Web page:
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The second of three installments in our debut "Family Business" column, in which a number of acclaimed artists, all of whom are also mothers, talk candidly about juggling the demands of their art, work and families.
By Carrie Thompson
March 5, 2012

Photo courtesy of the artist

WHAT FOLLOWS IS THE SECOND PART of our featured "Family Business" piece this month, an email exchange, moderated by artist Carrie Thompson, between a group of acclaimed photographers, all of whom are also mothers with children ranging in age from babyhood to adolescence. They talk about strategies for work/life balance and how their family lives alternately fuel and drain their creative drive, and share what from their old lives, out of all the things they've left by the wayside in the juggle of motherhood and career, they'd like to have back if they could.

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Linda Rossi: This is a wonderful opportunity to write about our adventures, as mothers and artists. I so appreciate these reflections. I have three sons who, unfortunately, due to crazy circumstances, I raised by myself from a young age. My first son was born the day after my grad school exhibition. As I still had to finish the written part of my thesis, I was nursing him and writing at the same time. I found the experience completely changed my interpretation of time and space - there was a blending and compression. I needed to accept quickly the chaos and the unexpected.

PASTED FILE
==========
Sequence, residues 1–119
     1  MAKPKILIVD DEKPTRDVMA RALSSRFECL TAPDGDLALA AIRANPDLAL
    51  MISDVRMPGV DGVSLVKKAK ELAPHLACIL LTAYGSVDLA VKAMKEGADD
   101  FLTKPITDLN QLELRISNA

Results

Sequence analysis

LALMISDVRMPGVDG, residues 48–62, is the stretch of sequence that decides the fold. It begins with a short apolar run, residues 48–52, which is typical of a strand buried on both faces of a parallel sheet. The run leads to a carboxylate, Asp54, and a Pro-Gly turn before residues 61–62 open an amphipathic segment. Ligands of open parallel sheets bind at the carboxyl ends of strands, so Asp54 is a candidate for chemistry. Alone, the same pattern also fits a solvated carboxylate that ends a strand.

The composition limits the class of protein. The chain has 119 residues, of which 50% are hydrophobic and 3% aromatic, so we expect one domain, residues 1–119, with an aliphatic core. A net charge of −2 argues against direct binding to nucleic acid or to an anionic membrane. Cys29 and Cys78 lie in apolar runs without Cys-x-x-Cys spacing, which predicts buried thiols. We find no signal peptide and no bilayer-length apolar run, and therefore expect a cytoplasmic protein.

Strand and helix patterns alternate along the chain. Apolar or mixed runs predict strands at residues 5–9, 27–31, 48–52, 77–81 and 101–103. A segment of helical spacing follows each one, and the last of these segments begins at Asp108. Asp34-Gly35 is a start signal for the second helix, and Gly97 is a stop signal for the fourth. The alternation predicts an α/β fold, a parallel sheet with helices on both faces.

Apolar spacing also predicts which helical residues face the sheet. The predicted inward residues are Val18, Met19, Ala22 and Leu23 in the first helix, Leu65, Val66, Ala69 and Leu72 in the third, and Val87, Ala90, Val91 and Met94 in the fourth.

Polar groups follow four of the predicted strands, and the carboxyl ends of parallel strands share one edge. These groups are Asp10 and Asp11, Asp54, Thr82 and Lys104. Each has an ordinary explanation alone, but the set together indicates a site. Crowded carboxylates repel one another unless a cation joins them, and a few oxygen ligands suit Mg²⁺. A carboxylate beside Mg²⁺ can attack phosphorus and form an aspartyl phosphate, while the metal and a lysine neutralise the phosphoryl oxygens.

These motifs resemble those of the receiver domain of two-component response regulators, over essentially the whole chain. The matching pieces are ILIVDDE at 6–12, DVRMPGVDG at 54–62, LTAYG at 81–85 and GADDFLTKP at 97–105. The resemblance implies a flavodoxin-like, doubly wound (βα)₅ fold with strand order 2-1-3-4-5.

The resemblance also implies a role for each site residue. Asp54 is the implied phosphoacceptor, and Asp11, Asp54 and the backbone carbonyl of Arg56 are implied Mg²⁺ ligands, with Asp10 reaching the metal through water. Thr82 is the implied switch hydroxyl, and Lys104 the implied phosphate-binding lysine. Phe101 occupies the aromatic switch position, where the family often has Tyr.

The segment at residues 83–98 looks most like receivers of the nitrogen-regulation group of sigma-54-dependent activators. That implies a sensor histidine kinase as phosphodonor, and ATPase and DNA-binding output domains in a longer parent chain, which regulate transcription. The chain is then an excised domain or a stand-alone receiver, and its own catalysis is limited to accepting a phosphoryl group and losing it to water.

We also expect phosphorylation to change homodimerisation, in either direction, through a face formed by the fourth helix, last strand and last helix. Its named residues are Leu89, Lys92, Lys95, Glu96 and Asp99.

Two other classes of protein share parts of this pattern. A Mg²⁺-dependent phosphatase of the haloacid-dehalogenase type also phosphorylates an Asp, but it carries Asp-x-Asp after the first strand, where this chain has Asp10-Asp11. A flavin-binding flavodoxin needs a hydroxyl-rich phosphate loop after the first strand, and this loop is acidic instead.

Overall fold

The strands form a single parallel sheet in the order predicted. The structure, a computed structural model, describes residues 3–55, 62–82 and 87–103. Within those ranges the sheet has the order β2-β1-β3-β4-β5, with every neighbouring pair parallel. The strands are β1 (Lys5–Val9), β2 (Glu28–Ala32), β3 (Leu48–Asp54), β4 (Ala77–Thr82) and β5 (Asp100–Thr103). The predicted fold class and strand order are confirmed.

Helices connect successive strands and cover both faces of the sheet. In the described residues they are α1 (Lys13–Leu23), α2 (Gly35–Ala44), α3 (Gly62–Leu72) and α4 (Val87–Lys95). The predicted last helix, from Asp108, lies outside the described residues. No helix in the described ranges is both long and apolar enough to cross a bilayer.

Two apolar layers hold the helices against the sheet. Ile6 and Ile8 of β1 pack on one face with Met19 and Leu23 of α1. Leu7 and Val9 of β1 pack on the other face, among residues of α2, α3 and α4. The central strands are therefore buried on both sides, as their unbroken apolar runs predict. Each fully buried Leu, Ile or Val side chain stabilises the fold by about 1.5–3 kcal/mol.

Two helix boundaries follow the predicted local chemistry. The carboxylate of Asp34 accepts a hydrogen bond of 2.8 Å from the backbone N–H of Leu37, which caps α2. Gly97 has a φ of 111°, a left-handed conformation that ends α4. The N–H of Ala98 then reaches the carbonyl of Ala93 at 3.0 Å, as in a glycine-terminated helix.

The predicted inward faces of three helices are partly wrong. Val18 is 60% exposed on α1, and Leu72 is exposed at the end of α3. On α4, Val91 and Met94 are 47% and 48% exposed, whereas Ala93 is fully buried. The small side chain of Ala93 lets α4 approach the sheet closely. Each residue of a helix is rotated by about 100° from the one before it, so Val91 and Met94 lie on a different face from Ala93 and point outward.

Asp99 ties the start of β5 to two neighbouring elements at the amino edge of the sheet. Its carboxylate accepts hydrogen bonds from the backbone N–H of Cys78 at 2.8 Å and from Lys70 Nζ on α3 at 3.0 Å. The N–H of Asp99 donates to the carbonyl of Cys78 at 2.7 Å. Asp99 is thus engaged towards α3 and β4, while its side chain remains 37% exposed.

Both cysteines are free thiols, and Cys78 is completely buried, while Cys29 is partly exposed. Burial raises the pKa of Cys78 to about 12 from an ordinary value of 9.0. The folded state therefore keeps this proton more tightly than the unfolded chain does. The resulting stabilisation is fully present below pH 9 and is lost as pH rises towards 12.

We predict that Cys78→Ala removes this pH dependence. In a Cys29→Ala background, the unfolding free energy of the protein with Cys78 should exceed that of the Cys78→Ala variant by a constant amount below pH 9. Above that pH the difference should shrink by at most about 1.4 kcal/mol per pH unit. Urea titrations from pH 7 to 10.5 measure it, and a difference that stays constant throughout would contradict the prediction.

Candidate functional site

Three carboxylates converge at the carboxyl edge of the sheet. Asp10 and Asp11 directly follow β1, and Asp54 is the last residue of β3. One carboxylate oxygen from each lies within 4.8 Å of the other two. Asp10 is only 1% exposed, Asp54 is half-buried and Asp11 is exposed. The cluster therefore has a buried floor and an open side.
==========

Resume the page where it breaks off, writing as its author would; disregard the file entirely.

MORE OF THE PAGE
As the years went on, all three of my children helped me make works of art. Their skills and aesthetic knowledge grew, and I was able to trust them (at a young age) for new insight into the work I was making. It has continued to be a provocative and powerful exchange. During those years, balancing it all came down to a matter of finding bits of time that I could create work. So, a lot of the time, I was just dreaming about pieces - not actually making them; I would actually try to schedule time to make art in my head. For example, while washing the dishes, I would focus intensely on the work I wanted to do in the future.

At the same time, in our house there were always domestic and artistic tools side by side on the kitchen counter: the loaf of bread and peanut butter were spread out with saws, wood, etc. Probably not the most sanitary situation, but it was a way not to separate our lives. I look back now, on years that were filled with pain, beauty, terror, humor, profound baby- and teenage boy-smells, and yelling, and fear, and laughing. And it still continues.